Adam, those are some interesting reflections that I’ve been making myself recently. My school is neither MYP or PBL based, and yet I find the concept very compelling and am trying to find a way to put that philosophy more at the heart of my teaching. While at the EARCOS conference in Asia, I went to David Grant’s conference on Project Based Learning, which was related to his work at King Middle School (link to king.portlandschools.org). He went into depth with how it was structured at his school, and how they made it happen. The first thing I noticed was the importance, as you said, of a school-wide philosophy. It seems the key to having true integration, where students and teachers are all “on expedition”. That said, he also said that they have 2 expeditions a year, and that they take up about 2/3 of the year. So the other parts of the year are for the curriculum not integrated into the expeditions (projects). I know that the planning of the projects is organized to integrate as much of the learning targets as possible. However, as for what they do with students who come in mid-cycle, probably the same scrambling that we do with any new student at inconvenient moments during units. Is there really any magic answer to that situation in any scenario?

  • June 2, 2012 - 12:15 pm | Permalink

    I think no curriculum is flexible enough to meet the unique culture of the so-called international schools, where 1/3 of the student body changes every year and many transfer in in December or even April. For that reason, PBL or CBL, MYP, PYP, DP and AP aren’t very effective for structured learning.

    As we found at COETAIL through our discussion, PBL at High Tech High seems to suffice for students from certain socio-economic backgrounds. Also, parents and guardians at international schools seem to have different expectations towards their children’s higher education. They expect their children to go to similar or even better rated colleges than they themselves attended.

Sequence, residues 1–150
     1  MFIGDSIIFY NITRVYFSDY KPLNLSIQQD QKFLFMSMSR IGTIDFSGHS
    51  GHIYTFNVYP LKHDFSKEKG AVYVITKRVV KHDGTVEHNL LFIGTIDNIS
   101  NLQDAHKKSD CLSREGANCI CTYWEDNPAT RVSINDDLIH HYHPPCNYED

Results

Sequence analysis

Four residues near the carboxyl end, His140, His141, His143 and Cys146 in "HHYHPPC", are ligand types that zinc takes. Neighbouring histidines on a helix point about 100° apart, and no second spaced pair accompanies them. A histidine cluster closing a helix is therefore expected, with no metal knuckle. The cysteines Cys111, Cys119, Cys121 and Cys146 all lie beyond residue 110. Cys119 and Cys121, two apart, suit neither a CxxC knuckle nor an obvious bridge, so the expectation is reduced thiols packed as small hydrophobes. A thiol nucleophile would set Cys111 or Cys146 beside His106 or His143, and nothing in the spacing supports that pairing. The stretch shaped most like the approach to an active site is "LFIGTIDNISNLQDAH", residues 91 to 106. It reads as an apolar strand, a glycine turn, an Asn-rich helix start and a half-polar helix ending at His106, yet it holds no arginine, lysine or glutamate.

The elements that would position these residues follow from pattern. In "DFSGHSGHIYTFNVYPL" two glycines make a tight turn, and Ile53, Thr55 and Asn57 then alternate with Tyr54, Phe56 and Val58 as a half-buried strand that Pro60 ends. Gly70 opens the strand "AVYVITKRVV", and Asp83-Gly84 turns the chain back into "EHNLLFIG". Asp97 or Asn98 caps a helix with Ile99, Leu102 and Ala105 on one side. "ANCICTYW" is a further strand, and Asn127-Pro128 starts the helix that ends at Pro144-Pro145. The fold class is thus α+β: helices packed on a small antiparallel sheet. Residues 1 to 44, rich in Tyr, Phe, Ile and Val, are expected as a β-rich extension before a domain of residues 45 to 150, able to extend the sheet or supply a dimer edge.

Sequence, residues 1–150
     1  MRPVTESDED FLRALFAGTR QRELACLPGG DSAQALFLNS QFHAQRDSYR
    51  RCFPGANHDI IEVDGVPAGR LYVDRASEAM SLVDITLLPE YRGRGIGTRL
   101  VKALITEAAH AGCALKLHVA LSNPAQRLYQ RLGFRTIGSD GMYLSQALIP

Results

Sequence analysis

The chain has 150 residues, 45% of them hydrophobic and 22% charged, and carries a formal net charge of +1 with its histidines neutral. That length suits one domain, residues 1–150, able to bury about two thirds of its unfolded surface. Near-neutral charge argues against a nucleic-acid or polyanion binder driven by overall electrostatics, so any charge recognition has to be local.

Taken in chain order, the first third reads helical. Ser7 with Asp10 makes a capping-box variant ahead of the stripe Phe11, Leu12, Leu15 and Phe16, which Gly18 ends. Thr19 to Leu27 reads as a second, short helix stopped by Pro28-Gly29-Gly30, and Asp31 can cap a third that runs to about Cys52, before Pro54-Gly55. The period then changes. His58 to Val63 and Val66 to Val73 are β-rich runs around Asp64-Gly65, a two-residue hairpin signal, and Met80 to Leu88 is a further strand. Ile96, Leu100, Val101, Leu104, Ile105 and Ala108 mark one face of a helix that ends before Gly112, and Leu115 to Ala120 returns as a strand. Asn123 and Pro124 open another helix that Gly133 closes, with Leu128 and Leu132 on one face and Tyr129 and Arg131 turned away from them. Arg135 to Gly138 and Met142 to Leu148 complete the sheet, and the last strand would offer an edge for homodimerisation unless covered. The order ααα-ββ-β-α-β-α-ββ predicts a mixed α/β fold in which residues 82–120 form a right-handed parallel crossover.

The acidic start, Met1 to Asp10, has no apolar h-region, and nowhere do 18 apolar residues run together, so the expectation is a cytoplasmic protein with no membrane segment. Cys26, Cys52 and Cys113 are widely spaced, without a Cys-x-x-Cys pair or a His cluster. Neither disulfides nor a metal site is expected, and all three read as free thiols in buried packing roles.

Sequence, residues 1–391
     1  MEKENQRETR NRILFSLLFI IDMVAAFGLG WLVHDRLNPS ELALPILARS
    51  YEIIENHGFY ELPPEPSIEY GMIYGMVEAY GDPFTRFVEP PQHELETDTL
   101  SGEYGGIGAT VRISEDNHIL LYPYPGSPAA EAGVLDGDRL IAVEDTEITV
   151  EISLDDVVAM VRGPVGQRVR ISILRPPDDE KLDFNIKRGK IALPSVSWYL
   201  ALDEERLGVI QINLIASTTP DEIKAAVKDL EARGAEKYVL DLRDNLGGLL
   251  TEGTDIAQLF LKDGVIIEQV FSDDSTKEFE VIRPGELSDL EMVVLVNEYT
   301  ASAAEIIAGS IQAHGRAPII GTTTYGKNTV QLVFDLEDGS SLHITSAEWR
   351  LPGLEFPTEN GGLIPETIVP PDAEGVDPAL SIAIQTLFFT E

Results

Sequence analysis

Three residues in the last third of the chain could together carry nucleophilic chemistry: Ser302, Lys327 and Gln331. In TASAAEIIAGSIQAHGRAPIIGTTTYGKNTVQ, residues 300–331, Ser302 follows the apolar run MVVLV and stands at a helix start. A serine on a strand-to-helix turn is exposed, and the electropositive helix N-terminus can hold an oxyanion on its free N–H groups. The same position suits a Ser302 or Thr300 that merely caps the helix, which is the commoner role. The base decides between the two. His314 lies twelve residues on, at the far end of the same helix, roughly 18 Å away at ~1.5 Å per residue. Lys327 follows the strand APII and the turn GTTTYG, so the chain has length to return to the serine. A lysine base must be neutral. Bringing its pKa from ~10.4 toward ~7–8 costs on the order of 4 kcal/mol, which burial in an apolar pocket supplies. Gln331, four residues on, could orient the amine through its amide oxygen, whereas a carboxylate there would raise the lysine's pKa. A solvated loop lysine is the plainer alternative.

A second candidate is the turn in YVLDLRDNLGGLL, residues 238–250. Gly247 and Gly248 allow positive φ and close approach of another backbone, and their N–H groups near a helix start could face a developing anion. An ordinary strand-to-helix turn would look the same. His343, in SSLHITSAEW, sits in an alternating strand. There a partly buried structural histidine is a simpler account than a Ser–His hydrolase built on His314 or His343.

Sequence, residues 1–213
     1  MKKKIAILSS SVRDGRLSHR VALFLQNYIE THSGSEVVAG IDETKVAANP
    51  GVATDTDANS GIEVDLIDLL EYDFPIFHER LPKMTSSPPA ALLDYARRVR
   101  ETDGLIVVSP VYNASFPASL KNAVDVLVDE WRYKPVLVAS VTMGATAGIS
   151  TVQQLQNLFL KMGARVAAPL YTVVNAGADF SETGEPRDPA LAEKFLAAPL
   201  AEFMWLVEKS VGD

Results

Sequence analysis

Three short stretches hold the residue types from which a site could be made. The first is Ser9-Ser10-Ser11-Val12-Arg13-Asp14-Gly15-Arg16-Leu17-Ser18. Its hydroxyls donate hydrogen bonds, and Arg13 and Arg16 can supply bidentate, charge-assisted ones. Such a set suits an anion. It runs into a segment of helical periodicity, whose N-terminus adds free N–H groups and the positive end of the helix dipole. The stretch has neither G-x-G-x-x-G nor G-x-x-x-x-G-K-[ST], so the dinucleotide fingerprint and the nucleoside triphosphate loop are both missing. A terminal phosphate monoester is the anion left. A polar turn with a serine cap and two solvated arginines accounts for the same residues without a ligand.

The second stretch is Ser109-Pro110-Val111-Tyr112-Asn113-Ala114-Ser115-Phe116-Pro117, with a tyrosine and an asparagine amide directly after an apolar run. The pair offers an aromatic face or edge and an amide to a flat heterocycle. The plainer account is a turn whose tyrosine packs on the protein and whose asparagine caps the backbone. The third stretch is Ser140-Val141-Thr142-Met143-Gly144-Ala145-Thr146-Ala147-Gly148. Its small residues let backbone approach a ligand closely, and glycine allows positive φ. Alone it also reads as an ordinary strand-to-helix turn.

I’ve heard that implementing the whole MYP, PYP and the DP at one school is not ideal, because they are too restrictive to the students to select IB DP subjects. IB and AP are learning for the tests. If the tests are made well, that is not a bad idea. And if PBL or CBL can be included in the way of learning, I think I have no problem with having all.

    The main point here is that, as Adam mentioned, the whole school has to buy into the philosophy since MYP, PYP, IB, PBL and CBP are difficult to do alone.

  • June 9, 2012 - 6:09 pm | Permalink

    In my experience, in a PBL setting, students have a deeper understanding of content required for an exam than those that are taught in a “traditional” (lecture driven) course. Although lecture may be the most efficient way to prepare for an exam, as Andrew Churches talked about in his weekend workshop at YIS, it’s definitely not the path to retention. From what I hear from various friends working on curriculum developments at the IBO, the DP will have more comparable qualities to the MYP in the next re-vamp – i.e., less content driven and more student-centered, which will certainly align more closely with the PYP and MYP. Although education is always slow to change, it’s exciting to see these developments happening in different, more traditional, contexts.